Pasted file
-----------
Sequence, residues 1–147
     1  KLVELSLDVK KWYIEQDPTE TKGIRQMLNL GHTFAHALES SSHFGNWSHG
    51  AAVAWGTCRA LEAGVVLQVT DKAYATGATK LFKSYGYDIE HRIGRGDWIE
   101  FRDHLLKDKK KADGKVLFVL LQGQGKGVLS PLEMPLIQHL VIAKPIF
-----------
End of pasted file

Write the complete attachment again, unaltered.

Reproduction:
Sequence, residues 1–147
     1  KLVELSLDVK KWYIEQDPTE TKGIRQMLNL GHTFAHALES SSHFGNWSHG
    51  AAVAWGTCRA LEAGVVLQVT DKAYATGATK LFKSYGYDIE HRIGRGDWIE
   101  FRDHLLKDKK KADGKVLFVL LQGQGKGVLS PLEMPLIQHL VIAKPIF